- Debate on the Constitution
- The rise of Publius
- What Federalist Newspapers Said
- Impact of federalist articles
In October 1787, the first in a series of 85 essays arguing for the ratification of the draft Constitution of the United States appeared in the Independent newspaper, under the pseudonym “Publius”. Addressed to the “people of New York”, the essays – now known as the Federalist Papers – were in fact written by the main proponents of the Constitution, Alexander Hamilton, James Madison and John Jay and the strong national government it created. . They were published in series from 1787 to 1788 in several New York newspapers.
The first 77 trials, including the famous Madison Federalist ten, published as a book in 1788. Entitled The federalistit has been hailed as one of the most important political documents in the history of the United States.
Debate on the Constitution
As the first written constitution of the newly independent United States, the Articles of Confederation theoretically granted Congress the power to conduct foreign policy, to maintain the military and money. But in practice, this centralized body of government had little authority over the individual states, including no power to levy taxes or regulate trade, which hampered the new nation’s ability to pay its unpaid war debts. revolutionary.
In May 1787, 55 delegates met in Philadelphia to remedy the shortcomings of the articles of Confederation and the problems which had arisen from this weakened central government. However, the document resulting from the Constitutional Convention goes far beyond amending the articles. Instead, it established an entirely new system, comprising a robust central government divided into legislative, executive and judicial powers.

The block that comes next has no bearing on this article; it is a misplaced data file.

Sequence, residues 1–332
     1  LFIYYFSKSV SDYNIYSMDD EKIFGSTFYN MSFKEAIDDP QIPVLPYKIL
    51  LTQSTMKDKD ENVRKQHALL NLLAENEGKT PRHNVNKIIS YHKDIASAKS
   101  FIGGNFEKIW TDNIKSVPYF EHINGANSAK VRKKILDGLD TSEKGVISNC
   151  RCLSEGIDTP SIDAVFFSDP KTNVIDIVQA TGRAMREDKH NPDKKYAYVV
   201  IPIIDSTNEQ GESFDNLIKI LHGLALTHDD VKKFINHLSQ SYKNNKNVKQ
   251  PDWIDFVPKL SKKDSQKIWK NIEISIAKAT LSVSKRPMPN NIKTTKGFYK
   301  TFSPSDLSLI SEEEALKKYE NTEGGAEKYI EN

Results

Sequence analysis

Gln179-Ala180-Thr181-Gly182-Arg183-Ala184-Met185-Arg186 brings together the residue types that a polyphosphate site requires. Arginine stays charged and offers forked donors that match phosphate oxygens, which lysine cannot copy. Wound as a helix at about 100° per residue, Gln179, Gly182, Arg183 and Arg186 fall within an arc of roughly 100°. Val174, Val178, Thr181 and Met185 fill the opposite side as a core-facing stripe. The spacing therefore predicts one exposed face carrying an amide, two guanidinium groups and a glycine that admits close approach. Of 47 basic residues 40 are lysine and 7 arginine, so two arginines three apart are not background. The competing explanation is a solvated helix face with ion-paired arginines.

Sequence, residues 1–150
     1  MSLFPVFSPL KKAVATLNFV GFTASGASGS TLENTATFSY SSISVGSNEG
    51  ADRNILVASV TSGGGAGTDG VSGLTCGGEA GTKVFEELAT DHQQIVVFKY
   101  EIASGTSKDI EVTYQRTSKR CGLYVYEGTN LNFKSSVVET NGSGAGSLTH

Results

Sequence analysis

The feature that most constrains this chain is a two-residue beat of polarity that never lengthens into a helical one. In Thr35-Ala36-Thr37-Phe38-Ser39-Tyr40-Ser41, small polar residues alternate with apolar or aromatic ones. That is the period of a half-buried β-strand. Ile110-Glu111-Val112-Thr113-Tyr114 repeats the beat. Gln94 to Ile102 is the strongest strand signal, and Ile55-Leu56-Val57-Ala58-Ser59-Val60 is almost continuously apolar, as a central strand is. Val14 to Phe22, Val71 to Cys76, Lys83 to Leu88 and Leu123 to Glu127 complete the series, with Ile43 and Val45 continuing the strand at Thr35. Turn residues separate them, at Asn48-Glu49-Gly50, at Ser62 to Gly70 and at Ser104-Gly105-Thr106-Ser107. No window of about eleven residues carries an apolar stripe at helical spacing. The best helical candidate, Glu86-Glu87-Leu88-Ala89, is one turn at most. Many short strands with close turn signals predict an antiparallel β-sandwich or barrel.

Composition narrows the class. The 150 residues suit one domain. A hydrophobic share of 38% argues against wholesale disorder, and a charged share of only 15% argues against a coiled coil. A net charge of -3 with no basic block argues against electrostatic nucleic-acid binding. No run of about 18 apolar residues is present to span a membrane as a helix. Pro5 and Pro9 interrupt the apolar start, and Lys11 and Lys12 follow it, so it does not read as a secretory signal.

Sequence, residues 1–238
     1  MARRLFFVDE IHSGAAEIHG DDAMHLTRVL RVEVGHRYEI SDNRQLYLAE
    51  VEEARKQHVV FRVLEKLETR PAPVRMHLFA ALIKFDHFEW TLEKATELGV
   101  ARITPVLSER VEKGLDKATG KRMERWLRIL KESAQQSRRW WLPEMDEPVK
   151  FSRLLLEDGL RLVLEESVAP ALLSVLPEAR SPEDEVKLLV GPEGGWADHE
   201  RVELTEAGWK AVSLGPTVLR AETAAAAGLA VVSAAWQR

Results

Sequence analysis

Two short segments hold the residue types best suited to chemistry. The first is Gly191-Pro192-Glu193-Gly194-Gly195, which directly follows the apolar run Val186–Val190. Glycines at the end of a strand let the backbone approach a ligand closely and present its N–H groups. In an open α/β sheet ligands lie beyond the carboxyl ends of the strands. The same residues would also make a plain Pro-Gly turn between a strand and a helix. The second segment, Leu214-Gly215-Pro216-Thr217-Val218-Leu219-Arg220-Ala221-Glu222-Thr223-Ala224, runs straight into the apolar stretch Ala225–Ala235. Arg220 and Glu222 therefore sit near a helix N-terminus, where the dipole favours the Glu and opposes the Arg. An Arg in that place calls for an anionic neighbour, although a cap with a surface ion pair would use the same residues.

As soon as 39 delegates signed the draft Constitution in September 1787, the document went to the States for ratification, triggering a furious debate between the “federalists”, who favored the ratification of the Constitution as it was written, and the “Anti-federalists”, who opposed the Constitution and resisted giving stronger powers to the national government.
The rise of Publius
In New York, opposition to the Constitution was particularly strong and ratification was considered particularly important. Immediately after the document was adopted, anti-federalists began publishing articles in the press criticizing him. They argued that the document gave Congress excessive powers and that it could lead the American people to lose the hard-won freedoms for which they had fought and won during the Revolution.
In response to these criticisms, New York lawyer and statesman Alexander Hamilton, who had been a delegate to the Constitutional Convention, decided to write a complete series of essays to defend the Constitution and promote its ratification. As a collaborator, Hamilton recruited fellow New Yorker John Jay, who had helped negotiate the end-of-war treaty with Britain and was secretary of foreign affairs under articles of Confederation. The two men later called on James Madison, another delegate to the Constitutional Convention who was in New York at the time at the Confederation Congress.
To avoid opening himself and Madison to charges of betraying the confidentiality of the Convention, Hamilton chose the pen name “Publius” after a general who had helped found the Roman Republic. He wrote the first essay, which appeared in the Independent newspaper October 27, 1787. In it, Hamilton argued that the debate facing the nation was not only about ratifying the draft constitution, but whether “men’s societies are really capable or not.” to establish good government on the basis of reflection and choice, or if they are forever destined to depend on their political constitution of accident and force. ”